## Thursday, February 2, 2017

### Creating Fractions in Google Slides and Drawings

As a previous math teacher I always have a soft spot for the challenges faced when trying to use technology in math. A common pain point involves trying to put fractions or mixed numbers into a Google Doc or Slideshow or such.

Adding normal text, numbers, and symbols is a snap. However, things become tricky when attempting to properly represent a numerator over a denominator in a program that only wants you to type from left to right.

Thankfully for Google Docs and Google Forms you can use an add-on such as g(Math) which will let you create a fraction or mixed number, and then turn that into an image that you can add to the Doc or Form. Get g(Math) for Docs or g(Math) for Forms.

Unfortunately, Google Slides and Drawings do not support add-ons yet (please Google!). So if you want to add a fraction or mixed number to a slideshow presentation or a Drawing diagram, you will need to get a little creative.

One option is to use tables, with a little twist. See below for directions on how to do this, as well as a free template with lots of pre-made fractions and mixed numbers that you can copy, paste, and edit as needed.

Fraction Template

To help save you some time I went ahead and create a Google Slides template that has several pre-made fractions and mixed numbers. I made them in a few different sizes so you would have some variety to choose from. Here's how to use it:

First, get your own copy of the Fractions Template by clicking the link below.

Now that you have your own copy of the template do the following:

• Click on the sample fraction or mixed number you would like to use, depending on the size you want.
• Make sure you select the item by clicking on the blue border around the edge, rather than just clicking inside the fraction. If done correctly, the border will be solid and there will not be a blinking cursor inside the borders.
• Now copy the fraction or mixed number ("Edit" then "Copy", or right-click and "Copy", or "Ctrl" and "C")
• Next go to the Google Slideshow or Google Drawing you are working on.
• Paste the copied fraction or mixed number into your Slideshow or Drawing ("Edit" then "Paste", or right-click and "Paste", or "Ctrl" and "V")
• Click inside of the fraction or mixed number and type in the numbers you want.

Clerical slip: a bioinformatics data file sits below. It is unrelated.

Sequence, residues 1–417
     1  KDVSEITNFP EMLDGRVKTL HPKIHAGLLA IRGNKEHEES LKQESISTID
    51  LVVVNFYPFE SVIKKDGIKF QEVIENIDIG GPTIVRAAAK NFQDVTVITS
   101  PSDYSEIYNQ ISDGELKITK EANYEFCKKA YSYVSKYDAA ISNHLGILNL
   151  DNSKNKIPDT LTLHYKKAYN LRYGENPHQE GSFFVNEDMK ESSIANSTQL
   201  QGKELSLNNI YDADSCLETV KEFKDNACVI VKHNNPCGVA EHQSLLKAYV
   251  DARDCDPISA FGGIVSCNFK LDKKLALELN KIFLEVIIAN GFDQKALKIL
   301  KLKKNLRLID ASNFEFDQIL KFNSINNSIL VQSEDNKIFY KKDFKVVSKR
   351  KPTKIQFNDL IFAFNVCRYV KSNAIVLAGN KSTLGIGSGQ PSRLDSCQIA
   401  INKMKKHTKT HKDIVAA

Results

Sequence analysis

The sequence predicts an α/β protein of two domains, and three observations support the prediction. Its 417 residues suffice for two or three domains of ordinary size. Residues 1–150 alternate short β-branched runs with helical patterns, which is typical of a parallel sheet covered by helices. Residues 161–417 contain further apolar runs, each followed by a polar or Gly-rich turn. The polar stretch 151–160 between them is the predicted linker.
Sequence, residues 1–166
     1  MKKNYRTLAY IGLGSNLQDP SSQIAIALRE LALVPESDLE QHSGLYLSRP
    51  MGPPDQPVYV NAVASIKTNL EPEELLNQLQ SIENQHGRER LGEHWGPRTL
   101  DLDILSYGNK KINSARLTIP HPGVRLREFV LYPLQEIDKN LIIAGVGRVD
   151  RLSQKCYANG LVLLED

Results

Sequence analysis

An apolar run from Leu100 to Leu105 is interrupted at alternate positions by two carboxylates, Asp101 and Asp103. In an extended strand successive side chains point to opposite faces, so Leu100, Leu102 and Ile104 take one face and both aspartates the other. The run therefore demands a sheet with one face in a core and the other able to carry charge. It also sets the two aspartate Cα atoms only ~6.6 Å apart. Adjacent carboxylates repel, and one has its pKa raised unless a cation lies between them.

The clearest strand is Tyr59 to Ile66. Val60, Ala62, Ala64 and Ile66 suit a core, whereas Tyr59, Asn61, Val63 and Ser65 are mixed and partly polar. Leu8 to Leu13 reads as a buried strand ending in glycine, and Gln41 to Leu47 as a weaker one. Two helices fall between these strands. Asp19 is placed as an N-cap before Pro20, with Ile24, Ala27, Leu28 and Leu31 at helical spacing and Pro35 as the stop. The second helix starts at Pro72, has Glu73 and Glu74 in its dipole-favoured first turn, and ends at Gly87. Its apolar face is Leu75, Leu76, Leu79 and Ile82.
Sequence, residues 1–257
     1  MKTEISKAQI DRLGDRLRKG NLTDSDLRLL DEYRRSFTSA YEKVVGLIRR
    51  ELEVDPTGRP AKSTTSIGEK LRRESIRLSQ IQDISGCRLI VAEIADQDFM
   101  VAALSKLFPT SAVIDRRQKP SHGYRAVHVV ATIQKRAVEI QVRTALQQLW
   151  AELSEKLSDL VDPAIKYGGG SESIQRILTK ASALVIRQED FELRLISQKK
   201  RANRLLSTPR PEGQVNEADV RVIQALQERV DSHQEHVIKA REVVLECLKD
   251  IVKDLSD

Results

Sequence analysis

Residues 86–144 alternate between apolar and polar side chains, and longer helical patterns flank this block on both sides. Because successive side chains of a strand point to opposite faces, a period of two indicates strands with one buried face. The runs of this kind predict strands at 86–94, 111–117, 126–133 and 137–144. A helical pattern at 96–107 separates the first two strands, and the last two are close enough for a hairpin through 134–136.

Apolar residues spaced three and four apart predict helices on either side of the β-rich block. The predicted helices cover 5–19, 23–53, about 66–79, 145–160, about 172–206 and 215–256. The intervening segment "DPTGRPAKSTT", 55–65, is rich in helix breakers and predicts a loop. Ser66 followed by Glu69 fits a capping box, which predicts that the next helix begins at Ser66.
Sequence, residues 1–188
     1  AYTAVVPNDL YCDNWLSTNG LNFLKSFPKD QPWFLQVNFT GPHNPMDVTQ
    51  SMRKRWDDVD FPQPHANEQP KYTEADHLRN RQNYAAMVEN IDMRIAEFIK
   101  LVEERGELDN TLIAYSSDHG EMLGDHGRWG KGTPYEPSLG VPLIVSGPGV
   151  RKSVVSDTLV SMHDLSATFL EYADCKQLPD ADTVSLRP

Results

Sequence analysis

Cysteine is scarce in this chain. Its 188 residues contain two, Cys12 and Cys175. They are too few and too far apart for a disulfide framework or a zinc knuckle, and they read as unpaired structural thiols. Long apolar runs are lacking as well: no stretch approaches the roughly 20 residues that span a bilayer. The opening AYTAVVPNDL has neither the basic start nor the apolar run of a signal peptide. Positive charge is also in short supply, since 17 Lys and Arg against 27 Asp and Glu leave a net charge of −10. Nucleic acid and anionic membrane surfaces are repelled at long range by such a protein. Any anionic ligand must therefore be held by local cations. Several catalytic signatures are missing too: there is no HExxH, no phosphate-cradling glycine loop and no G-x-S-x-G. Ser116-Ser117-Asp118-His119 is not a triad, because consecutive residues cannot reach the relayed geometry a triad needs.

• Finally you can move the item to wherever you want on the slide or drawing by clicking the border and dragging.

Making Fractions with Tables

If instead you would like to create the fractions yourself, here are the basic steps I took to make mine:

• In the top menu bar, click "Table" and then "Insert Table".
• For a fraction choose a 1 by 2 table.
• For a mixed number choose a 2 by 2 table.
• Adjust the width of the table as needed by dragging the side border.
• If making a mixed number, click and drag to select the first column of the table, then click "Table" and "Merge cells". This will make the left column one big cell for your whole number.
• Now type in the numbers you want for the numerator, denominator, and whole number (if needed).
• You can change the font, font size, font color, and such as normal.
• If you want to center your whole number vertically, click in the cell and then use the "Align" button in the top menu.
• To remove the borders, select the entire fraction or whole number, then click the "Line color" button in the toolbar and choose "Transparent".
• To add the fraction bar back in, click in numerator cell, click the down arrow in the top right corner of the cell, and choose the bottom border. Now use the "Line color" button again but this time choose black or other desired color.

You will now have made your own fraction or mixed number that you can use however you wish.

Conclusion

Thankfully Google tools are becoming more and more user friendly with more options for natural handwriting and flexible formatting. However for the tasks that still are not easy, we can get creative to find ways to represent math in a digital environment.

Post by Eric Curts. Bring me to your school, organization, or conference with over 50 PD sessions to choose from. Connect with me on Twitter at twitter.com/ericcurts and on Google+ at plus.google.com/+EricCurts1